Victor Vran is an adventure, hack-and-slash, Action Role Playing Game (ARPG) developed by Haemimont Games and published by EuroVideo Medien. The game was released on July 24th, 2015.
You play as Van Hel… Geralt of… VICTOR VRAN!! You play as Victor Vran, the love child of Van Helsing and Geralt of Rivia, a monster hunter who travels to the city of Borgo… ZAGORAVIA!! He travels to Zagoravia which is currently under invasion from countless monsters and evil creatures. He quickly finds out that the whole city is now a trap for monster hunters such as himself, and he intends to stay and figure out who is behind this attack and save the city.
Immediately you figure out that even though the game is a lot like other games of its genre, such as Diablo, Grim Dawn and The Incredible Adventures of Van Helsing, it also has a lot of differences to it. There are no skill points or abilities to buy, instead, you get abilities depending on what weapons you use and the Destiny Cards you acquire. These weapon skills have no cost, so you only need to wait for their cooldowns in order to use them again. You also have Demon Powers which you can swap out constantly by buying or finding more. Demon Powers are very powerful abilities that work in a variety of different ways, such as a meteor storm or a time bubble which slows enemies. Demon Powers use a special resource called overdrive, which you can gain a couple of different ways depending on the outfit you chose after the tutorial. For instance, one outfit allows you to automatically regenerate overdrive over time, or gain some from fighting and performing powerful combos and critical hits. You can also get some passive upgrades from finding and buying Destiny Cards, these cards can give you a huge amount of upgrades, such as increased armour, damage or powers that trigger upon doing something such as landing overkill attacks or killing enemies.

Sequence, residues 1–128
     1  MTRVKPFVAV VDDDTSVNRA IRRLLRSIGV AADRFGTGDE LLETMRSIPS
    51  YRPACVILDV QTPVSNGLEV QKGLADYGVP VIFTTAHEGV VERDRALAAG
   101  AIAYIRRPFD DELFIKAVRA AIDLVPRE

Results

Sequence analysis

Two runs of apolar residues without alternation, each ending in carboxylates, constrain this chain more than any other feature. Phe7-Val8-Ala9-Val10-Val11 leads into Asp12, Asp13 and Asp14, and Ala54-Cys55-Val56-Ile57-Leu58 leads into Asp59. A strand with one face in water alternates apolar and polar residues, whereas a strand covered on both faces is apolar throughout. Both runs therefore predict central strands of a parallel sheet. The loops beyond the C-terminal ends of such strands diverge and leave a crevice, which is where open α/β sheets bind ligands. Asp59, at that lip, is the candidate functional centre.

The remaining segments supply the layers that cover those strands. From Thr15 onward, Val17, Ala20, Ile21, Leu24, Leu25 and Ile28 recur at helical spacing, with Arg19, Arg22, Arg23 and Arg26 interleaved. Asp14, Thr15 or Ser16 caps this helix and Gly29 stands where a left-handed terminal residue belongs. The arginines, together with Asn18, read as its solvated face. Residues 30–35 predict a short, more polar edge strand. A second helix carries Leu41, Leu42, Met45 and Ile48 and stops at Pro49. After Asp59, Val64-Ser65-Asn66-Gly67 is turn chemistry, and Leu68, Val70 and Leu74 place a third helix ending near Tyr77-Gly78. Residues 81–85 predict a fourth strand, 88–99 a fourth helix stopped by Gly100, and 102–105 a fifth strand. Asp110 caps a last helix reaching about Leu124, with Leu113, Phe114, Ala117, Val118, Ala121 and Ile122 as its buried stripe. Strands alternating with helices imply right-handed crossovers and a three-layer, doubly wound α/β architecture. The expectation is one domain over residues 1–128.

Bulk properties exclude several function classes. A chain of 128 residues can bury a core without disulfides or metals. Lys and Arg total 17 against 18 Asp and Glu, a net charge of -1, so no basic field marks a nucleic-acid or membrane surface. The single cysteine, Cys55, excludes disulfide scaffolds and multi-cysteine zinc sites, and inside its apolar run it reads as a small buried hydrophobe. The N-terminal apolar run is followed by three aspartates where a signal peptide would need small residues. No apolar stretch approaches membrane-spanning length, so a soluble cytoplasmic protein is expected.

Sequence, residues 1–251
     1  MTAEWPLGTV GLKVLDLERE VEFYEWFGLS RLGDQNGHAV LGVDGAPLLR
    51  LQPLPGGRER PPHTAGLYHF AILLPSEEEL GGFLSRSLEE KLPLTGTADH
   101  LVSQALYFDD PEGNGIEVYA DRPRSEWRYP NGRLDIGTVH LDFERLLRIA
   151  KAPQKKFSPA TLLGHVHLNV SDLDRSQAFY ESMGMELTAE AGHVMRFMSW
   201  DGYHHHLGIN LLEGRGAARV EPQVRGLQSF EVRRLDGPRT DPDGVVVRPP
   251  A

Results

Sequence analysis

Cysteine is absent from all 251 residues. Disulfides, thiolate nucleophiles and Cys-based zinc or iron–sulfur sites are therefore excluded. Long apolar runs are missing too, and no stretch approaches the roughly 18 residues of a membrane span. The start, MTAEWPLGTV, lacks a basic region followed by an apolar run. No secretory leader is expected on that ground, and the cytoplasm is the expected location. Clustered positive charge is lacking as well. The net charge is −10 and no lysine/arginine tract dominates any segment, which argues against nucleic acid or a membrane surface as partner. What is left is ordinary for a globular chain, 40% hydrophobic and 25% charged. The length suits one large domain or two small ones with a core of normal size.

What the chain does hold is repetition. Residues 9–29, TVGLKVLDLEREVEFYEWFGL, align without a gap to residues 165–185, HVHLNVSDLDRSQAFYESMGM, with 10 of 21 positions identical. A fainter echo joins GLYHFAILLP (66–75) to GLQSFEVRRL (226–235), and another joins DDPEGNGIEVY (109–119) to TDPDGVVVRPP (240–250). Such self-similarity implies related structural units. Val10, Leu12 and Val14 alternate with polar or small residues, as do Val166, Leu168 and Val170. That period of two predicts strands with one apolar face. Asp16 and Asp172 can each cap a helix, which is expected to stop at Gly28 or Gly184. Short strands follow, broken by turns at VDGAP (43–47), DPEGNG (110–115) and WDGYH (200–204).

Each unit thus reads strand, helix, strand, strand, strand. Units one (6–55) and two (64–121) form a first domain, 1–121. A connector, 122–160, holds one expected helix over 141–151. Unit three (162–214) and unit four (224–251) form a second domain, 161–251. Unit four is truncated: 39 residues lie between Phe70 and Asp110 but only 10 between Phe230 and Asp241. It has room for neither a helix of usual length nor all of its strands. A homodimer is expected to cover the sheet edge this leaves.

The combat in Victor Vran is a lot of fun, although a bit finicky at times, much like the movement. Sometimes when you click on something to move or attack, it’s almost like your character decides against it and starts to do something else for a split second before actually doing what you wanted. It can even take you a few seconds just to click on that one enemy that continuously evades your cursor. The game was played on the highest performance possible, so it isn’t a performance issue, the game is just not very well optimised. Every location has a number of challenges to perform while playing, such as defeating enemies with certain weapons, finding secrets or performing certain abilities or attacks. Once completed, these challenges grant you gold, experience and loot.
The game includes an addition that has rarely been seen in games like this before, and that is jumping. Such a simple concept but relatively unused. Victor Vran decides to add it as a gameplay mechanic, allowing you to wall jump to other levels and get over obstacles to find secret areas. In theory this is a pretty cool function, but it is under-utilised. You may barely remember that it is a function, even when you need it to get somewhere, as it is hardly even necessary. If they only added in more verticality to the areas and reasons to jump more often it could have been a really interesting new addition to ARPGs, but is simply forgotten about most of the time.
Victor Vran requires a lot more skill than most ARPGs. The lack of abilities and skill points cause you to have to gear up your character to compliment your play style, and use a variety of tactics in order to prevail. Everything compliments everything else, from the weapons to the Destiny Cards, the Demon Powers to the outfits. Hammers are incredibly powerful and hard hitting, whereas rapiers are weaker yet faster and armour piercing. It all depends on your playstyle and preferences. It’s all very interesting for the first few hours, knowing that your weapons change what skills you have and that you use Destiny Cards rather than skill points. But after a while, it gets a bit stale, as there is not quite the level of customisability to your play style as other ARPGs around, such as Grim Dawn or Diablo III. You do have a level of choice to how you want to play, but ultimately it only comes down to what weapons you are currently using.
Victor Vran looks great, but suffers from a few issues, even on higher performance gaming PCs. Occasionally after loading screens or even at random points throughout the game, the framerate and graphics quality will just drop for seemingly no reason, and won’t fix itself for a few minutes. This, and the occasional problematic movement and clicking, cause the game to become a lot less enjoyable when they occur. Victor Vran tries to be new and unique in its skill systems, but unfortunately what it ultimately has is quite lacking and repetitive. Playing in co-op makes the game a lot more enjoyable, but it doesn’t save it from the constant issues and lacking gameplay, and that is why the game receives a 6.5/10.